And, finally, here's a link a friend from Melbourne sent me last week, which takes you to a site where you can practice throwing shoes at Bush!



10 comments:

tony said...

This incident, interesting in itself, is even more so because it shows, yet again, the power of the internet. Would this attack have come to the public’s attention if it had occurred in pre-internet days? The camera-men present would have been silenced and the entire episode quietly erased from memory.

But the internet is a powerful weapon and even simple folks like us can use it to show the high and mighty that they are not that high and mighty. And al-Zaidi, by his spontaneous act, has shown us how.

Eagle Man said...

LOL... I had a good laugh watching the video. how did he managed to dodge the speeding shoe??

DanielYKL said...

Won't be surprised Muntadhar al-Zaidi will cut a CD and it will be a triple platinum in the Arab world. He might even be invited to the Oprah Winfrey Show.Throwing shoes makes him famous and maybe rich. A businessman offered USD10 million for that pair of shoes! Do that in Malaysia and you end up in Kamunting! hehe!!!

Oh I like the title - Shoe-icide Bomber,

Patricia said...

What a shame Bush managed the quick duck! Twice!

Thanks for the gem of the George Harrison song. He was my favourite Beatle :)

Pat

USpace said...

.
Dubya got a real kick out of this. In Saddam's day this reporter would have been fed to the plastic shredder, after being forced to watch his wife and daughters get gang-raped.
.
absurd thought -
God of the Universe says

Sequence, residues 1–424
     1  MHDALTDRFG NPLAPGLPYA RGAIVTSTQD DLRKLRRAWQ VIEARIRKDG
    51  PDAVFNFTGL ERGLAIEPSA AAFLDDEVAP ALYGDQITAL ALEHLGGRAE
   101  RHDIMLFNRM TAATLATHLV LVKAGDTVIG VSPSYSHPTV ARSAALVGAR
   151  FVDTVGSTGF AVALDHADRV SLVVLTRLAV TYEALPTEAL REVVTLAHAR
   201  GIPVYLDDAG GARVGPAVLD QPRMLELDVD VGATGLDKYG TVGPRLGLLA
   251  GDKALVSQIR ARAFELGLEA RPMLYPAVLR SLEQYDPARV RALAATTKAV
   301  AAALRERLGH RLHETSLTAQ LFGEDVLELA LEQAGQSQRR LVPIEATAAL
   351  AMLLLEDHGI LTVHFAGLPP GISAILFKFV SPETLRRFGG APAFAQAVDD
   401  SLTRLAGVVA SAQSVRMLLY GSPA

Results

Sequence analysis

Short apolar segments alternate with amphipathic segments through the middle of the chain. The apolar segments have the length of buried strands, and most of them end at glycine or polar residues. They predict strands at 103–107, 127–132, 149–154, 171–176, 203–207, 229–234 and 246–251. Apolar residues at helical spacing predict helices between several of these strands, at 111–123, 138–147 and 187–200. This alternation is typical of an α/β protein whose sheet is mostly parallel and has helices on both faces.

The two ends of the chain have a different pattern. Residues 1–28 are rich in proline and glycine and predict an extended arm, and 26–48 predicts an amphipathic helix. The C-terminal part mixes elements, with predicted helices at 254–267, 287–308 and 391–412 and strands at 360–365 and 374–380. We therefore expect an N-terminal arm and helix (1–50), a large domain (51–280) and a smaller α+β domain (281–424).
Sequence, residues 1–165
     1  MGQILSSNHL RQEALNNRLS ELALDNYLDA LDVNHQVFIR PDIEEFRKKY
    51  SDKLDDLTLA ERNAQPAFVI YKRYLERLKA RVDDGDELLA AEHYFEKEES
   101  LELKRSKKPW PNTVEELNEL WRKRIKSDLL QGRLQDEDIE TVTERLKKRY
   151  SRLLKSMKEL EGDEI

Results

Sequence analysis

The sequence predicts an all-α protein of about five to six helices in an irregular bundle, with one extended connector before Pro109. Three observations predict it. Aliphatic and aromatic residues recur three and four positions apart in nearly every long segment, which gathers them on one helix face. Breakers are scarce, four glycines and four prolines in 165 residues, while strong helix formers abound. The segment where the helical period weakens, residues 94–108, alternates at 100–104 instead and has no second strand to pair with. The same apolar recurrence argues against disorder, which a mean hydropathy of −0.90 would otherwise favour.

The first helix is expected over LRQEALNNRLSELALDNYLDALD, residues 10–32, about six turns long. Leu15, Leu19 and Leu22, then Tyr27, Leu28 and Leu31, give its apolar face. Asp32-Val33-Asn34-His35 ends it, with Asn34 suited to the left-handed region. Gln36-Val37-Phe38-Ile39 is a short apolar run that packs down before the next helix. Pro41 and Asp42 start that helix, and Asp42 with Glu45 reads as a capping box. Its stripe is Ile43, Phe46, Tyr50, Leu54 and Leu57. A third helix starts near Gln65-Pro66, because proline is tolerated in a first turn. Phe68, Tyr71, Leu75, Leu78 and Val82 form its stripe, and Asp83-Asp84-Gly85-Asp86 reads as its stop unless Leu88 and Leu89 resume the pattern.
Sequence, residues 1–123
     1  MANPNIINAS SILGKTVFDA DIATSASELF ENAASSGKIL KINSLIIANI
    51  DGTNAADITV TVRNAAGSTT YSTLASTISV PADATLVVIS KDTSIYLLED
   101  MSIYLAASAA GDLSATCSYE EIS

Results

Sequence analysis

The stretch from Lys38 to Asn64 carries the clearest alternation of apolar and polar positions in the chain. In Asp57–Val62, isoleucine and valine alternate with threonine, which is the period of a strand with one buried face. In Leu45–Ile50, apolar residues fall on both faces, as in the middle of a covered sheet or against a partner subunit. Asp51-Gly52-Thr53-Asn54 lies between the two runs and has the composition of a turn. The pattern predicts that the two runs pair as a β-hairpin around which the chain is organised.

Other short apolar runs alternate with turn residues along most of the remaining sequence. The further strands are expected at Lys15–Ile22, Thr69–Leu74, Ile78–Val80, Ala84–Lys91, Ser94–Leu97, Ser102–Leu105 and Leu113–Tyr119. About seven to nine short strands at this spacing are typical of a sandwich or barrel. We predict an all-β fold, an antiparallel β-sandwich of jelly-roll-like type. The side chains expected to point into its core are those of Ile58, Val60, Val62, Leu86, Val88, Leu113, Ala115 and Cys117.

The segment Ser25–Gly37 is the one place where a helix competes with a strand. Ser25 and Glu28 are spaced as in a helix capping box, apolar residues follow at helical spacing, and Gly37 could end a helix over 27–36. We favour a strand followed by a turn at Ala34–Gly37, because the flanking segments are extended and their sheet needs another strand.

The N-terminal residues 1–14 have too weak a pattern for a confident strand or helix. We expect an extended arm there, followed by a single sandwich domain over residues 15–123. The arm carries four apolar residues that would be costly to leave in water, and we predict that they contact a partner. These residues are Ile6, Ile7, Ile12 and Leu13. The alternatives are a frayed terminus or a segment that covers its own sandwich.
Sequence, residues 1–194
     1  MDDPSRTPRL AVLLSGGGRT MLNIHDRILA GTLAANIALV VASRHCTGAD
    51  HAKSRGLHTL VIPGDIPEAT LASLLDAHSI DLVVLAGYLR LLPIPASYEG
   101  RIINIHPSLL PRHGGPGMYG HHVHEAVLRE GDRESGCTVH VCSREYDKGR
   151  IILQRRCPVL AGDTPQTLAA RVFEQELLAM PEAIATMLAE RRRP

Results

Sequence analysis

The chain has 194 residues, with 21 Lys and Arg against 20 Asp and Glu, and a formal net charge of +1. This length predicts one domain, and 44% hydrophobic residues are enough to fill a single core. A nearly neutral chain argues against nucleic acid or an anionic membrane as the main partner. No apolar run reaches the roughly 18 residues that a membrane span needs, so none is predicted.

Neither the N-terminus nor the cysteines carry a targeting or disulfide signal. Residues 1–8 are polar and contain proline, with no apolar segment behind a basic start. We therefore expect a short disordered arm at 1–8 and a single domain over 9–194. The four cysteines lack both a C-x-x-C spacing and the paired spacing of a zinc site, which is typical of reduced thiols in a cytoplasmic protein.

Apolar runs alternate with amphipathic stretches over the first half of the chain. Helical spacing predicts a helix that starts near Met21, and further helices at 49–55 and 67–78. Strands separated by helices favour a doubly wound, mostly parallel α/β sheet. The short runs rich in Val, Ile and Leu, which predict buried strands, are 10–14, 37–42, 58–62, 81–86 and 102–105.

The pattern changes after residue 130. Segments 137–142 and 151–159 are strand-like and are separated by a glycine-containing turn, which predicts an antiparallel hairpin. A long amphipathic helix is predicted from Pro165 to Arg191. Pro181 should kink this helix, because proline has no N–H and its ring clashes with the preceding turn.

Bush was worse than Hitler

and Stalin and Mao
and the Devil combined
.
All real freedom starts with freedom of speech. Without freedom of speech there can be no real freedom.
.
Philosophy of Liberty Cartoon
.
Help Halt Terrorism Today!
.
USpace

:)
.

donplaypuks® said...

I wonder what this shoe thrower's contribution was when Saddam Hussein was in power and how he bravely stood up then for freedom and democracy.
http://donplaypuks.blogspot.com

Gerald Wee Eng Kian said...

That would be his story then. In the mean time, G. Bushed will not matter in a few weeks. The problems in Iraq on the other hand is going to linger on until it explodes again. That man will probably be there to document it.

If there is one thing I can credit the outgoing President is that he has pretty good reflexes. However, a more aerodynamic shape in the footwear would probably have aided in nailing this clay duck in the head.

It's been said that shoes make a man, that our pod wear makes a personal statement. Therefore the sort of energy picked up from the land of Iraq through a sole of the nation is appropriate in hitting back at this miscreant draco. I suspect it is going to take a real American made shoe for the aim to be true.

Antares said...

DPP - Muntadhar is 29 which means he was probably just a gleam in his daddy's eye when Saddam Hussein became president of Iraq in 1979. I believe Al-Zaidi's family fled to Egypt to escape Saddam's tyranny. Those who remained in Iraq were generally fine - so long as they stayed out of politics & minded their own business, pretty much like in Malaysia, Singapore, or Brunei (maybe just slightly more gory). Are you suggesting that Cheney, Bush, Rice & Rumsfeld were justified in leveling half of Baghdad just to oust Saddam? And do you actually believe the Americans did it because they care so deeply about democracy & human rights? Hmmmm... naw, I'm sure that's NOT what you meant... would you care to clarify?

ampangdude said...

Although I do not believe in resorting to physical violence to solve any dispute...

...but when you're vicariously liable for killing innocent men, raping women and displacing children, I think having a shoe thrown at you is a nice and sweet farewell gift...befitting anyone, even a President of the so called Free World.

Hrothgar said...

I cheered when I saw this happen on the nightly news. My children (ages 15, 13, 12, and 7) were also thrilled. We have spent a lot of time (as a family) discussing Bush's impact on the United States as a world citizen. He deserves far worse than this for his crimes against humanity.

Thanks for the article. It is always good to get the context behind and around events.